State-owned buildings are required to comply with California's Building Energy Efficiency Standards. Permitting for state buildings is handled through California's Division of the State Architect rather than local building departments.
The California Energy Commission adopts updates to the Building Energy Efficiency Standards for both residential and nonresidential buildings to coincide with the triennial publication of the state and model building codes. Updates account for technology improvements, market penetration, and improved processes. Proposed changes are reviewed for technical merit, cost effectiveness, and environmental impact. The Energy Commission adopts appropriate changes after a formal rulemaking proceeding. Public and stakeholder input are sought throughout the staff analysis stage and throughout rulemaking. Adopted standards are submitted to the California Buildings Standards Commission for approval, checked for conflicts with other codes, and published as Title 24, Part 6, of the California Code of Regulations.
An enforcement agency cannot issue a building permit for any construction unless it determines, in writing, that the building design complies with all energy efficiency requirements on the building permit application date. If a building permit was issued and expires with no construction under the permit, the enforcement agency cannot issue a new permit unless it determines that the building design complies with all energy efficiency requirements in place on the date of the new permit application.
Field inspections are required by the enforcement agency prior to issuing a Certificate of Occupancy or final approval. Installation certificates for equipment and devices required to comply with the Building Energy Efficiency Standards must be posted on site or made available to the inspector and provided to the building owner at the time of occupancy. An insulation certificate must be posted indicating that the installed insulation is consistent with the plans, specifications, and manufacturer's recommendations. Operation and maintenance information for mechanical equipment and devices must be provided to the person responsible for operating and maintaining the building.
Prescriptive and computer compliance approaches are available to determine compliance with the residential and nonresidential Building Energy Efficiency Standards. Compliance manuals for residential and nonresidential construction are available at http://www.energy.ca.gov/title24/2008standards/index.html .
The Warren-Alquist Act, enacted in 1976, mandated that the California Energy Commission create and periodically update Building Energy Efficiency Standards (Standards) for the state of California. These standards address newly constructed buildings and additions and alterations to existing buildings. The Standards have, in combination with appliance efficiency standards and utility-sponsored incentive programs, strongly contributed to California's per capita electricity consumption remaining relatively constant since the mid-1970s. Since the first adoption in 1977, the Standards have been periodically updated on a three-year cycle. The most recent update, the 2008 Building Energy Efficiency Standards, went into effect on January 1, 2010. A first analysis of the 2008 Building Energy Efficiency Standards revealed an average energy savings at least 21 percent above ASHRAE 90.1-2004.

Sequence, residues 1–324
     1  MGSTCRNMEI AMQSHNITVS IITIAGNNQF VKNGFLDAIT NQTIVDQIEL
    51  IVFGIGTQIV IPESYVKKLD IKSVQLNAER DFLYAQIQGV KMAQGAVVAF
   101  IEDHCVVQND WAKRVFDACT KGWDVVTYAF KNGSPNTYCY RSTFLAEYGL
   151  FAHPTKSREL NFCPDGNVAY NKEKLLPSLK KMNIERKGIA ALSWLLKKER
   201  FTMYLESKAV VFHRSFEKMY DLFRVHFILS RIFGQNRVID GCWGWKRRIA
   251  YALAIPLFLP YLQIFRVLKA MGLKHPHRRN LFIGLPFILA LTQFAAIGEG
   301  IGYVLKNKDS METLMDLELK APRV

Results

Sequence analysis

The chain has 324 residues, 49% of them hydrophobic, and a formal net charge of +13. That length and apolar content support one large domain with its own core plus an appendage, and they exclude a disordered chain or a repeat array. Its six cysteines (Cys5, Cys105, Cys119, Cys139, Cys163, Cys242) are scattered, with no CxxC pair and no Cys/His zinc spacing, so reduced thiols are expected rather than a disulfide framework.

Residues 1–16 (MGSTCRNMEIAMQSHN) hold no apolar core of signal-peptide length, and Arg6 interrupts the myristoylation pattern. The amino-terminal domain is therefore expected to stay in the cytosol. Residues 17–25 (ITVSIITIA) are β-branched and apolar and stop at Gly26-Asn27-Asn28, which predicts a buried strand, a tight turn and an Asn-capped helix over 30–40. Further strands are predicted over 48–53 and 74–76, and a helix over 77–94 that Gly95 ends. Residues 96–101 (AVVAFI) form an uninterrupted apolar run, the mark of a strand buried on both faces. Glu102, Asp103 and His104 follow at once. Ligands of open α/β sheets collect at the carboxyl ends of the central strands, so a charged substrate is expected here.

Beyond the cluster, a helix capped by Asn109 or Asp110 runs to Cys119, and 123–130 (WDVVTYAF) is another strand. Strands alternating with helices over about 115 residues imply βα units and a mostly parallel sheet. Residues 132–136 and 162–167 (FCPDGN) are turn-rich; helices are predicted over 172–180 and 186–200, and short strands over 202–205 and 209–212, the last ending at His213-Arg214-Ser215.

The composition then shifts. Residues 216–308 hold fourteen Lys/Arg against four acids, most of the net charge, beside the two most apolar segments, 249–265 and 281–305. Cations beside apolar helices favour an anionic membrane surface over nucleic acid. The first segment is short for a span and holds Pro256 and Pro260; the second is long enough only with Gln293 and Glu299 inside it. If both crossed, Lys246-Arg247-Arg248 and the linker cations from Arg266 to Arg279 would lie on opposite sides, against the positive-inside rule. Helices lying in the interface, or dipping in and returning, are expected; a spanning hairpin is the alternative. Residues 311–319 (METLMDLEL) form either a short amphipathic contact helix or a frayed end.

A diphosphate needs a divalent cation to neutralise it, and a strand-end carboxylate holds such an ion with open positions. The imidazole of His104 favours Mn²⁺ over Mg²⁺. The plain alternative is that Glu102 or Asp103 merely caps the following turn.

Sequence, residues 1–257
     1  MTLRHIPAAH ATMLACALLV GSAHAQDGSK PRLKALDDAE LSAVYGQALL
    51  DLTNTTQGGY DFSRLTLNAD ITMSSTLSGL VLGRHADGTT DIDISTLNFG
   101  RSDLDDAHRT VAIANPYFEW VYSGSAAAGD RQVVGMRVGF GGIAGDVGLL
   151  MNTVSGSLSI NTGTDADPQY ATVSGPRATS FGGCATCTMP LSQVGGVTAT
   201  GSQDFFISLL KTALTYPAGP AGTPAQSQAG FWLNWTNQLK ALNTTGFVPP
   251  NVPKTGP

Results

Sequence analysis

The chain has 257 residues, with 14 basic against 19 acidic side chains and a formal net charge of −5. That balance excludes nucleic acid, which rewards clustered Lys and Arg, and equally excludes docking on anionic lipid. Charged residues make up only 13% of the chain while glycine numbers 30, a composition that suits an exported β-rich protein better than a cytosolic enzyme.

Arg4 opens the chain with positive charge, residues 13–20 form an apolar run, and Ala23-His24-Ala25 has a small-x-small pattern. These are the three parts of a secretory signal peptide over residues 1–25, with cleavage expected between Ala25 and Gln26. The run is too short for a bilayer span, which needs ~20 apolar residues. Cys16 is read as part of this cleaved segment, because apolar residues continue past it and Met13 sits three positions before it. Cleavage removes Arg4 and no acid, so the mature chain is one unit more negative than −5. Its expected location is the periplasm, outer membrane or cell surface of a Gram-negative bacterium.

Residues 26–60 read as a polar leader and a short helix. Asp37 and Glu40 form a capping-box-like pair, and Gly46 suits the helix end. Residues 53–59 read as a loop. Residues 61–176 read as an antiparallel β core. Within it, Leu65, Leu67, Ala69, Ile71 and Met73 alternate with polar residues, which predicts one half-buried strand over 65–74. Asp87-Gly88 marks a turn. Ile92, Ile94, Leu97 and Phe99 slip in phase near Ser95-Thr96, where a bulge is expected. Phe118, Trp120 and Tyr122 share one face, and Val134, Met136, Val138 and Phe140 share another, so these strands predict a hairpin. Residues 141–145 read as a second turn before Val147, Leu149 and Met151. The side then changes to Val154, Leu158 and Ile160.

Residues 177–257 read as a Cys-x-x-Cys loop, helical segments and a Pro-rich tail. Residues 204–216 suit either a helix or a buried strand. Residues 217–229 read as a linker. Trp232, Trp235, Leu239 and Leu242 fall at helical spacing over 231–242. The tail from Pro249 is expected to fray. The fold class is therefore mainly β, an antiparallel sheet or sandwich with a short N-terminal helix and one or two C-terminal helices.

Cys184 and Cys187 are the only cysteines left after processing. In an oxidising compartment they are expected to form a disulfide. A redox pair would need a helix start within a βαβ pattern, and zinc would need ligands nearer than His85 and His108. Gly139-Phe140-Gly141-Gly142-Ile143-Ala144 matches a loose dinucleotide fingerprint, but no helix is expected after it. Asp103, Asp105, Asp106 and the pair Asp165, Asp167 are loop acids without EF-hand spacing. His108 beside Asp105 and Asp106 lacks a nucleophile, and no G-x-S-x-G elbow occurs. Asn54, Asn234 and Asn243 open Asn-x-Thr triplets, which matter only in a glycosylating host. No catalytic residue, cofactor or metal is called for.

On December 14, 2004, Governor Arnold Schwarzenegger issued Executive Order S-20-04, known as the Green Building Initiative. It laid out a comprehensive set of actions to improve energy efficiency in nonresidential buildings. The Energy Commission was directed to undertake all actions within its authority to increase the energy efficiency of new nonresidential buildings by 20 percent by 2015.
On February 2, 2009, a bill was introduced in the state assembly that would mandate "zero net energy" for residential buildings starting in 2020. The new code, called "CALGreen," won a unanimous vote by the California Building Standards Commission and took effect in January 2011.
Also in 2009, AB 758 provided the foundation for the development and implementation of a new program established by state legislature. The comprehensive program aims to achieve greater energy efficiency in existing residential and nonresidential structures that fall significantly below the Building Energy Efficiency Standards. The program was developed and implemented by the Energy Commission in coordination with all stakeholders. Program components include workforce development, public awareness, financing options, rating systems, labeling programs, audits, commissioning investigations, retrofits, and retro-commissioning.
The Energy Commission is now beginning the proceedings to update the 2008 Building Energy Efficiency Standards. The upgraded Standards are planned to go into effect in conjunction with the triennial upgrade of the other parts of the California Building Standards Code and be published as the 2013 California Energy Code.
The 2013 Building Energy Efficiency Standards, comprising Title 24, Parts 1 and 6, of the California Code of Regulations, is mandatory statewide.
Local government agencies may adopt and enforce energy efficiency standards for newly constructed buildings, additions, alterations, and repairs provided the California Energy Commission finds that the standards will require buildings to consume no more energy than permitted by Title 24, Part 6. Such local standards may include adopting the requirements of Title 24, Part 6 before their effective date, requiring additional energy conservation measures, or setting more stricter energy budgets.